In the 2015 Paris accord, international leaders agreed that the balance of the world as we knew it largely rested on a tiny measurement: 2 degrees Celsius.
That was the increase in temperature we were supposed to avoid as a planet, lest it leave Earth unrecognizable. As the Washington Post put it, “Virtually all coral reefs will die; retreating ice sheets in Greenland and Antarctica could unleash massive sea level rise; and summertime Arctic sea ice, a shield against further warming, would begin to disappear.”
But the world, the Post pointed out, is like an old, temperamental oven. It does not heat up evenly. After analyzing more than 100 years of data from the National Oceanic and Atmospheric Administration, the Post found that 71 counties in the United States have already hit the 2-degree mark, and then some.
And it gets worse – specifically for us. Two of the fastest-warming counties are right in our state: Kittson County and Roseau County, both at +2.4 degrees over the last century-and-change. They’re part of a sweaty stripe from eastern Montana to western Minnesota, all along the Canadian border.
Minnesota, in fact, is one of the fastest-warming states in the nation, with parts anywhere between 1 and 3 degrees (Fahrenheit) hotter than they were a century ago. This is something we primarily notice during our winters, which, as the Star Tribune reports, are heating up 13 times faster than our summers. Minneapolis and Mankato are among the nation’s three fastest-warming cities.
We are arguably one of the states that should be the most up in arms about the global climate crisis. But public opinion is a lot like an old oven too – and the hots spots don’t always correlate to the places of greatest impact.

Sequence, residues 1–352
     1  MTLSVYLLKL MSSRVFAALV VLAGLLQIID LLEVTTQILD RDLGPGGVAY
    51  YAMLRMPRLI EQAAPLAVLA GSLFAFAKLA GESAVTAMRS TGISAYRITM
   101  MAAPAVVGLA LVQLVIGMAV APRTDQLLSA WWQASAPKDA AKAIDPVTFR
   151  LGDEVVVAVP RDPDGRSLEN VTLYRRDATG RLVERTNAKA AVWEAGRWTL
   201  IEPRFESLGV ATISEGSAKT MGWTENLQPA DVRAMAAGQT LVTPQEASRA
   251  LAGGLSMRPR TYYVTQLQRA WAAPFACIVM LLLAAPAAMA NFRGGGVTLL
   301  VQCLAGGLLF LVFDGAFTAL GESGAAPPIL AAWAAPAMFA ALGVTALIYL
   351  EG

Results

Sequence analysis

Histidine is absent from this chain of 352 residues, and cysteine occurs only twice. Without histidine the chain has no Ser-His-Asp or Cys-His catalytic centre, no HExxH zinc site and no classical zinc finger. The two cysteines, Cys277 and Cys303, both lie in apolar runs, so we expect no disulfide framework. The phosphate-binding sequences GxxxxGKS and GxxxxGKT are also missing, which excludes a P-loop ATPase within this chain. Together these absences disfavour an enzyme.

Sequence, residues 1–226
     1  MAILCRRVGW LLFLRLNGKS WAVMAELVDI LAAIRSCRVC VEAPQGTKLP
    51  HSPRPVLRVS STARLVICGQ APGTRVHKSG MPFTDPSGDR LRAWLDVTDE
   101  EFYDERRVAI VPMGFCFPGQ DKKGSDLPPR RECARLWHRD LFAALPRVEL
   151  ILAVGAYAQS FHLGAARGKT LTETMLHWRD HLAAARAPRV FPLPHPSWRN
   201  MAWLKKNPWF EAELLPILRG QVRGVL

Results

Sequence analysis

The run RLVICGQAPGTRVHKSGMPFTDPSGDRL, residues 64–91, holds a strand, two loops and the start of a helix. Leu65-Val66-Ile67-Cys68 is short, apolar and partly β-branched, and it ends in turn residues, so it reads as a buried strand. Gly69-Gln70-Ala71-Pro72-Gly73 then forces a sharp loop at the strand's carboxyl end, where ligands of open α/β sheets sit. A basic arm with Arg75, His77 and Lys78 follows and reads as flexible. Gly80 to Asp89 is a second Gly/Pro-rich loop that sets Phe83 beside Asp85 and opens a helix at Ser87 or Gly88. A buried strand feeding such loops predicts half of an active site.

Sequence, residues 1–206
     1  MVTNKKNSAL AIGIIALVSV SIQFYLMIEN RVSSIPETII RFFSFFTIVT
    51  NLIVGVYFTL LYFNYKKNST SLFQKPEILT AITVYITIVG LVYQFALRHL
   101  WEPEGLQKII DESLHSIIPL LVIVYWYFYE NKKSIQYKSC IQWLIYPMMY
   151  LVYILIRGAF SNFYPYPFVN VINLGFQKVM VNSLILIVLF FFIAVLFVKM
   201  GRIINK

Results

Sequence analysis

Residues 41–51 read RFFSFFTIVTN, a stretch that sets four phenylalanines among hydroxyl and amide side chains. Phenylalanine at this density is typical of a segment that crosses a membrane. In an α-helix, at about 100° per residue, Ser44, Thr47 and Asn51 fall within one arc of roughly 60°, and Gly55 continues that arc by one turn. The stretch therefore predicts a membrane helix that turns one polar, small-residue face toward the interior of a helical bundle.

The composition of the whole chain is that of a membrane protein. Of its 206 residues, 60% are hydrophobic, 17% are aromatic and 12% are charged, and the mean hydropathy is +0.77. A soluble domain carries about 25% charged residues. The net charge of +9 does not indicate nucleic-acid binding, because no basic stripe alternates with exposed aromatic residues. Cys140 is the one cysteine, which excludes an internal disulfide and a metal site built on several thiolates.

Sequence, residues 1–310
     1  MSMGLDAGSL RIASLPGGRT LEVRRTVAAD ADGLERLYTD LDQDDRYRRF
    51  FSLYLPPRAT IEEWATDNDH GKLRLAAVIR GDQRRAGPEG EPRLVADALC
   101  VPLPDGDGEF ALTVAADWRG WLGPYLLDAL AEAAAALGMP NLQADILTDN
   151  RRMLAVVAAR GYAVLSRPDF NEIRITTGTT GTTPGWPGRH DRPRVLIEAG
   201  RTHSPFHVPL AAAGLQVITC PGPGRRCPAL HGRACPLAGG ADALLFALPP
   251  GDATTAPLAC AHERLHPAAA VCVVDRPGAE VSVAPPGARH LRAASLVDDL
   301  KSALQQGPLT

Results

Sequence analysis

Last year, Yale crunched some numbers of its own and estimated the percentage of adults in each county that actually believe climate change was happening.
The county with the most credence was Hennepin, with 78 percent of people convinced. (That’s up seven points from the national average.) But there are counties that go as low as 59 percent (McLeod).
Even our canaries in the coal mine, Kittson and Roseau, only had 67 percent and 63 percent of adults on board respectively. In both counties, only 35 to 38 percent of people thought global warming would actually harm them personally.
It all paints a grim picture. But of course, it could always be worse.
The dubious honor of the fastest-warming state goes to Alaska, which isn’t even included in the Post’s analysis of the lower 48. A massive report published last year found that fixing the climate-related damage already inflicted upon the state could cost $110 million to $270 million a year, from coastal erosion to damaged roads and buildings.